I’m still touching her arm, the feeling of her skin not quite like skin, and take my hand away quickly, embarrassed that it surprises me.
“We cannot expect it to remain unchanged,” she says, showing her teeth in what I believe to be a smile. “It is happy, however. It will not change much.”
She turns away and continues down the path, and I have to trot after her. As we pass among more structures and trees so massive I can’t see the tops, I realize I should be asking more questions. But my mind feels dull, as if my curiosity has lost a wing and flaps lamely. My mother is dead. My father is a person I don’t recognize. Rondo . . . Alma . . . both far away. The last time I’d seen them, Rondo was bleeding on the ground, Alma on the roof of a ’wam holding a buzzgun. Do they think I abandoned them? Are they imprisoned? Are they dead? I picture the vasana climbing the walls of Alma’s vantage point, those mad eyes rolling as the dirixi teeth slashed. . . .
I find Rasimbukar in my mind and am surprised: the tunnel is open for her but I hadn’t opened it, at least not purposely.
You must not let grief consume you. It will weaken you. You did not allow me in your thoughts, but I am here. Do you understand?
I suddenly feel as if I’m going to cry, a tide of water that has met a narrow part of the riverbed, my throat. It strains against the dam, and it’s as if everything in my heart will burst out of me. My fists are clenched tightly, as if gripping the dam itself. Something soft brushes against my knuckle and my eyes snap open.
It’s the gwabi, who I immediately recognize as the same one from the Zoo that had accompanied Rasimbukar and me through the jungle.
Hello, I tell her silently, and am greeted by a comforting yellow reply. Somewhere in the other colors and shapes that she sends me, I understand that she knows my mother is dead. She’s sorry for me, and perceives me as a baby, a motherless cub. I can’t tell her that I feel like an old woman, so I just look into her eyes, comforted by her presence.
She lost her parent too, Rasimbukar says musingly, as if she isn’t quite sure why the gwabi is still hanging around either.
I notice that my fingers are thrumming where the fur of the gwabi’s shoulder still makes contact. I rub my fingertips together, a feeling almost like static remaining. I know, without knowing how, that the gwabi is young, but reaching the age when she will reproduce. She will not seek a mate, but will instead create the cells necessary to do so alone. I never learned this in the Greenhouse, but somehow I know. If I were in the Greenhouse, I might lean over to whisper to Alma excitedly, send Rondo a note on my slate. Their absence looms large inside me, but is still dwarfed by whatever this presence I feel is: almost like the voice of Faloiv whispers in my ear, explaining how things work.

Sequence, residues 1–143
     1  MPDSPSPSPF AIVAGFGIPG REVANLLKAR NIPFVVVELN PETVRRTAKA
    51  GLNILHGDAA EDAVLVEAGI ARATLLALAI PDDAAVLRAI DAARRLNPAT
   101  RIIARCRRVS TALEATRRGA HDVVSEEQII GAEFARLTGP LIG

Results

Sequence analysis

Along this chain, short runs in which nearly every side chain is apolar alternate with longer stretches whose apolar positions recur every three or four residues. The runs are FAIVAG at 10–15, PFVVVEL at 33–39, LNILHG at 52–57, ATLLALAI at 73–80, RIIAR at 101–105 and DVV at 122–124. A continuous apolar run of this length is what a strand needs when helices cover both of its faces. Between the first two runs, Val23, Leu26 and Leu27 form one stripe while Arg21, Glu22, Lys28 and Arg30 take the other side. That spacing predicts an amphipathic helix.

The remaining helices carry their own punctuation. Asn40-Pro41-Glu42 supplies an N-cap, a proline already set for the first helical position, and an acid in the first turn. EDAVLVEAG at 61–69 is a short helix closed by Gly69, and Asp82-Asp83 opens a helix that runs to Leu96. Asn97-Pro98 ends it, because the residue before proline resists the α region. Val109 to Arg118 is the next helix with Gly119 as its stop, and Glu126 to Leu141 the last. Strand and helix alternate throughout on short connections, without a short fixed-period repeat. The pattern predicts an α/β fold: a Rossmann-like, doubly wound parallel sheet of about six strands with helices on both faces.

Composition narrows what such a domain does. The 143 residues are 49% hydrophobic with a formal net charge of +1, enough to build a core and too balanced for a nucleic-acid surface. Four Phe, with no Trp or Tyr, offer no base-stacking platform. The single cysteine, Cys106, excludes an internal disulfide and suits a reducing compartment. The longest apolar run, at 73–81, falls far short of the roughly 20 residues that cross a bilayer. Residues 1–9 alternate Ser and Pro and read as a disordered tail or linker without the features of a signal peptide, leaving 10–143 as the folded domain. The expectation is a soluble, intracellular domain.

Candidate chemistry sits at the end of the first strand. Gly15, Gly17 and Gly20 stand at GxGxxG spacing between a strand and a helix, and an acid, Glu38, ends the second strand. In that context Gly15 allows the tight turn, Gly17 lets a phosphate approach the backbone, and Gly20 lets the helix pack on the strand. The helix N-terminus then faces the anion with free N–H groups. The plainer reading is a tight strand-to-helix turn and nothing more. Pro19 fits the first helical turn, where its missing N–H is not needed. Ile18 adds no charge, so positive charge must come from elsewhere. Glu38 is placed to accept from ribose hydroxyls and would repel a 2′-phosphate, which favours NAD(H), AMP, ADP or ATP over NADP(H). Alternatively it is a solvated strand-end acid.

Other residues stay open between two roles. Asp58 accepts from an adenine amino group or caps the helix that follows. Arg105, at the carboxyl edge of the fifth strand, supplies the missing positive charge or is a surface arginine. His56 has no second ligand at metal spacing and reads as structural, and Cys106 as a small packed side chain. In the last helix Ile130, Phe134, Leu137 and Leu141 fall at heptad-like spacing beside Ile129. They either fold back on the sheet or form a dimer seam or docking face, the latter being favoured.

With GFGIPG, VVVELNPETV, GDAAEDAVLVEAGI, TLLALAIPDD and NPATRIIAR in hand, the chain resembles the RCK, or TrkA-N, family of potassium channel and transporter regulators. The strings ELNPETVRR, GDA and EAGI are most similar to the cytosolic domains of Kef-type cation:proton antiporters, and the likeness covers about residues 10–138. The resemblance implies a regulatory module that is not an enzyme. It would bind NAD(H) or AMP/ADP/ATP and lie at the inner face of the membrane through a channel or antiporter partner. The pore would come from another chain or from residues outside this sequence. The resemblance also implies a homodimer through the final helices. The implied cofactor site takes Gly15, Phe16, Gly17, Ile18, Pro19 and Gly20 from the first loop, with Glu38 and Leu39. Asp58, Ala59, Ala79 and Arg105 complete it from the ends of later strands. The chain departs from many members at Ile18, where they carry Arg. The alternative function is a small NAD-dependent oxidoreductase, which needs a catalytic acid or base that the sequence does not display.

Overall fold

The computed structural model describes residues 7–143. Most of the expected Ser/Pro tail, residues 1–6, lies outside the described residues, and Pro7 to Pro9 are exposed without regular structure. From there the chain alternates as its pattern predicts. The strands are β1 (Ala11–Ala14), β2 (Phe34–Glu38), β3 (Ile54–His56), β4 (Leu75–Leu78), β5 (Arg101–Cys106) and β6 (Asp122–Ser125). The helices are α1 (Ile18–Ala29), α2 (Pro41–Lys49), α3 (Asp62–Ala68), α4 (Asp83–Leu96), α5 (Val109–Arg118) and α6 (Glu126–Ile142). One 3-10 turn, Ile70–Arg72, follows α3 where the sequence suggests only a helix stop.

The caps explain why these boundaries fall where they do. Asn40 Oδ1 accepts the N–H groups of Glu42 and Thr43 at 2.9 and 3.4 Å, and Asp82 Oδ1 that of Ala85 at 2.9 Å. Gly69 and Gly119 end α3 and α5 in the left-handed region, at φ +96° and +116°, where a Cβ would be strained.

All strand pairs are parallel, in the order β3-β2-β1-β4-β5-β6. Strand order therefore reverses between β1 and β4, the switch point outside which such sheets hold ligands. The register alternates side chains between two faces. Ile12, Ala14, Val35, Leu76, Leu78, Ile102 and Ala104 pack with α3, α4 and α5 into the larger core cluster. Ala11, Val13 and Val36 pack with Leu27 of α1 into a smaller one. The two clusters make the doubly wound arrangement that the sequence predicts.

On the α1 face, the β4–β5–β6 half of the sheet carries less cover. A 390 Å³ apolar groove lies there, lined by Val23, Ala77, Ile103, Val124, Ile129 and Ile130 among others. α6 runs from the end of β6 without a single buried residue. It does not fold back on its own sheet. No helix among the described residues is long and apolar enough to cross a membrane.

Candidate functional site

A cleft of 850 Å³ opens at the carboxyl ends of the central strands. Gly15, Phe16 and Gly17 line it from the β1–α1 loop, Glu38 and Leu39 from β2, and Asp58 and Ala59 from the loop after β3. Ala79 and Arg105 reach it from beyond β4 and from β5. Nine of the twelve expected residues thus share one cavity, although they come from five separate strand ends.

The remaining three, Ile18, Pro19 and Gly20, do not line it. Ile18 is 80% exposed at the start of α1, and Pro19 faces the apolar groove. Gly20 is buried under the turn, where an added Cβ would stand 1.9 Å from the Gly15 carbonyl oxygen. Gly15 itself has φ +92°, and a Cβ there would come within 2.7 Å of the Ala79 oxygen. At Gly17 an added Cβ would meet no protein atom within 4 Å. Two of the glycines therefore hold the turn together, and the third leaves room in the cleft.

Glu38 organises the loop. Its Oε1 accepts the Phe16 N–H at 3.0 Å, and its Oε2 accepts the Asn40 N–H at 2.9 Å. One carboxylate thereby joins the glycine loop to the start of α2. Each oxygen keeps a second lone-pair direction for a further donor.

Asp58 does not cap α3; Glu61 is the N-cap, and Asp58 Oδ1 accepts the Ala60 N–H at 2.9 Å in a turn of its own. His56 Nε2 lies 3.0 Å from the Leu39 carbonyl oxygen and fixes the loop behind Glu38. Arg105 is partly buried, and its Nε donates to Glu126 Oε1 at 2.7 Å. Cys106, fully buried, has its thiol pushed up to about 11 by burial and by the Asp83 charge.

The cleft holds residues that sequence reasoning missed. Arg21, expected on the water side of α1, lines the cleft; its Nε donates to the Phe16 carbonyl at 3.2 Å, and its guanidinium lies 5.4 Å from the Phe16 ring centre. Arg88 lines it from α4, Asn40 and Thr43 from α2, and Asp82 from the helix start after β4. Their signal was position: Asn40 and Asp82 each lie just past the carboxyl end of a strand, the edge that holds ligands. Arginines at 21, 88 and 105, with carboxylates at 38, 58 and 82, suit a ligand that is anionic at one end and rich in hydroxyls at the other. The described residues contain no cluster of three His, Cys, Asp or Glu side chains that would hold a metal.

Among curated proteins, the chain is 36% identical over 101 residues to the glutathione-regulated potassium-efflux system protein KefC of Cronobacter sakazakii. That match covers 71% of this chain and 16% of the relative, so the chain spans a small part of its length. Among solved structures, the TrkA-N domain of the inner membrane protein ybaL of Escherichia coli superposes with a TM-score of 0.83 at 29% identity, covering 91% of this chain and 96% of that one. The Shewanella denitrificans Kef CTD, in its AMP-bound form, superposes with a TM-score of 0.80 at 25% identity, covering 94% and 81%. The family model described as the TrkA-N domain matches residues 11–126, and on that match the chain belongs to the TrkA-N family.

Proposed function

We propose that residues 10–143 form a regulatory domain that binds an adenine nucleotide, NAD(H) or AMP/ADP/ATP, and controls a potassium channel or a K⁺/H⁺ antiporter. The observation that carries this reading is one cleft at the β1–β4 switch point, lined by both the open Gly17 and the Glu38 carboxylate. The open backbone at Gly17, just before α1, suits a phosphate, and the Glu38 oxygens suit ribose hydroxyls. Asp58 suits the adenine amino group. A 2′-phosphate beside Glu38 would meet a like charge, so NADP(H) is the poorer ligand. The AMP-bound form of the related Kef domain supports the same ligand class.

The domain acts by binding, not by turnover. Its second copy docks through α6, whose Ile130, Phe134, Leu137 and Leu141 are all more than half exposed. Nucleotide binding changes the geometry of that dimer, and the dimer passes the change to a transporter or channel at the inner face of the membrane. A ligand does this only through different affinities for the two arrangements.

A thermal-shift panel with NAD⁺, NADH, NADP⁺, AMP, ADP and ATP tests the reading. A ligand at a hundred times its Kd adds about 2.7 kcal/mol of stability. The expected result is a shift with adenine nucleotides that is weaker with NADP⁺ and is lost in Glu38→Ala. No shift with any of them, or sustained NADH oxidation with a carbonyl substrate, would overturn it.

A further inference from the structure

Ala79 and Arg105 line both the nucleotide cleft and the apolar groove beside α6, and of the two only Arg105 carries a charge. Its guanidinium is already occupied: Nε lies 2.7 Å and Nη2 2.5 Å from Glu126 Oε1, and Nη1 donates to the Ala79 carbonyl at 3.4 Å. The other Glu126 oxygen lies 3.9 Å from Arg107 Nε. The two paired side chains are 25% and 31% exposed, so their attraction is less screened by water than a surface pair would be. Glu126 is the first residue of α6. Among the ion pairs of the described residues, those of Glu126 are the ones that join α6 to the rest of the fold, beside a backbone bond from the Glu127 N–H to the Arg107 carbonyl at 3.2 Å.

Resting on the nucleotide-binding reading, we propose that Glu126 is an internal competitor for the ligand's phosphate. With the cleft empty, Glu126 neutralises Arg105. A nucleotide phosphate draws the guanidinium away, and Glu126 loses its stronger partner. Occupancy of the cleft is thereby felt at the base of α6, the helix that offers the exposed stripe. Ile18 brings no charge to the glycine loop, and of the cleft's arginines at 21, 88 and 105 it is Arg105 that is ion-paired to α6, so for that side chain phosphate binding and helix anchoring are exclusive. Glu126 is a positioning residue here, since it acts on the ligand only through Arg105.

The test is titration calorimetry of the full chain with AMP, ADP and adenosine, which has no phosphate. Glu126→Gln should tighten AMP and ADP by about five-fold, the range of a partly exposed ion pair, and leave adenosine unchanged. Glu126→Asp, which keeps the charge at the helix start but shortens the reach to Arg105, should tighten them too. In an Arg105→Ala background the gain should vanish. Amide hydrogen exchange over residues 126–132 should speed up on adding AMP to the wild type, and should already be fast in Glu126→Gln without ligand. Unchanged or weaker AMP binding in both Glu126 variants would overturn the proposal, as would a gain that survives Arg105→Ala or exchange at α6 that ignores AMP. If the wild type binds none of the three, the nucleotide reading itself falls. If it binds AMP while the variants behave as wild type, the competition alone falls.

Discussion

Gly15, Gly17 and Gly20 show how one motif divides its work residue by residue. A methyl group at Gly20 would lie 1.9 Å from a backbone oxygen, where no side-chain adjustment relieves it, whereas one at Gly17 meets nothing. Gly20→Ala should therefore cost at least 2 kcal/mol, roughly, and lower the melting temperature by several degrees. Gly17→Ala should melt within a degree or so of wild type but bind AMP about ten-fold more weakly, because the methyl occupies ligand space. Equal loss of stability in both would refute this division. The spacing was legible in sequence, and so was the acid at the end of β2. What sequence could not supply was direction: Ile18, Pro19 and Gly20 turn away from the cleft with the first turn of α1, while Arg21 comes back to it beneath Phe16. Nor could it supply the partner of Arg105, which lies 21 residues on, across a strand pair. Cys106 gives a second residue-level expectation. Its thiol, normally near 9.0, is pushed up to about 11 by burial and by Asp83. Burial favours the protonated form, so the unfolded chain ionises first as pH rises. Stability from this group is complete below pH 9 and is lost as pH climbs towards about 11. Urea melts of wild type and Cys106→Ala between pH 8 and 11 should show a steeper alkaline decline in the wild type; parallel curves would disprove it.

“I feel . . . ,” I say out loud, searching for the words. “How?”
Is it so hard to understand? Rasimbukar says, and gestures for me to follow her down a narrow path into the trees, deeper into the city. You are listening. The Artery is more than communication. It is the network that connects everything on Faloiv.
The gwabi stays with us for a while, loping at my side as we wind along the edge of a wide stream. The trees thicken, and so do the buildings, although it’s sometimes hard to tell the two apart. In N’Terra, it was impossible not to differentiate between what occurred naturally on Faloiv and what we had built: everything in our compounds was smooth edges and white material, some gleaned from the wrecked Vagantur and some created from the plentiful clay found on the planet. Looking around now — all the structures seemingly interlaced with trees and stone — I don’t see the white clay anywhere. Do the Faloii build their homes as we do, or is it another process entirely? I have many questions, but the only one that comes to my lips isn’t about the city.
“Will my grandmother actually be okay?” I say. The gwabi had woven back into the trees at some point and Rasimbukar and I walk alone.
“Yes,” says Rasimbukar. She turns to look at me now, her eyes unblinking. She addresses me out loud and not in the tunnel, and I’m grateful: sometimes when she’s looking at me and in my mind simultaneously, it’s a little too intense, like staring into the sun. “Your grandmother has experienced a trauma. The ahugwo will repair her.”
“Ahugwo. The blue mammals?”
“We never learned about them in N’Terra.”
“There are many things N’Terra does not know.” She makes a slight gesture with her shoulders, an almost shrug. I wonder if she learned it from my grandparents.
Or other humans. Suddenly my brain fires: with everything that has happened, the things I, Alma, and Rondo had been investigating have been pushed to the side. They arise now in my head, all the pieces reconnecting. I stop walking.
“My grandfather is alive,” I say dumbly, the truth of it still fresh and almost unpronounceable.
Rasimbukar blinks now, slowly, as if she’s wondering if I need the ahugwo too.
Excerpted from the book AN ANATOMY OF BEASTS by Olivia A. Cole. Copyright © 2019 by Olivia A. Cole. Reprinted with permission of HarperCollins Children’s Books.